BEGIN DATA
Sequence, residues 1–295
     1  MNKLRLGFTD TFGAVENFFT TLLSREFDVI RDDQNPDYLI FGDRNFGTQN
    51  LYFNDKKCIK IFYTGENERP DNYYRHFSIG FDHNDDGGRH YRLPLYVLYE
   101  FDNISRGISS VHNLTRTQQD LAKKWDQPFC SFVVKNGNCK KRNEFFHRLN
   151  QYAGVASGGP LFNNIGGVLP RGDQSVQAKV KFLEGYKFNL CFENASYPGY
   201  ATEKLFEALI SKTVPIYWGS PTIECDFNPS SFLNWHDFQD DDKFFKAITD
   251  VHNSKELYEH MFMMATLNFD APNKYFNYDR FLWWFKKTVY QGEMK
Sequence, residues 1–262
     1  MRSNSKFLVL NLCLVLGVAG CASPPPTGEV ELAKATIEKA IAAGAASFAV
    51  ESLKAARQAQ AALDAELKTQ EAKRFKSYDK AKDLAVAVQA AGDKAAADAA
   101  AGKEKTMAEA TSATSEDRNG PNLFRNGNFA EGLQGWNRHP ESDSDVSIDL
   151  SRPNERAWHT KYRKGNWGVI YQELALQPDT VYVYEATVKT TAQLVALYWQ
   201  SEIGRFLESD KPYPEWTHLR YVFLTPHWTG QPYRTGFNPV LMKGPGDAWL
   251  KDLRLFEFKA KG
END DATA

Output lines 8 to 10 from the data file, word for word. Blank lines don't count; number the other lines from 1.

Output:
Sequence, residues 1–262
     1  MRSNSKFLVL NLCLVLGVAG CASPPPTGEV ELAKATIEKA IAAGAASFAV
    51  ESLKAARQAQ AALDAELKTQ EAKRFKSYDK AKDLAVAVQA AGDKAAADAA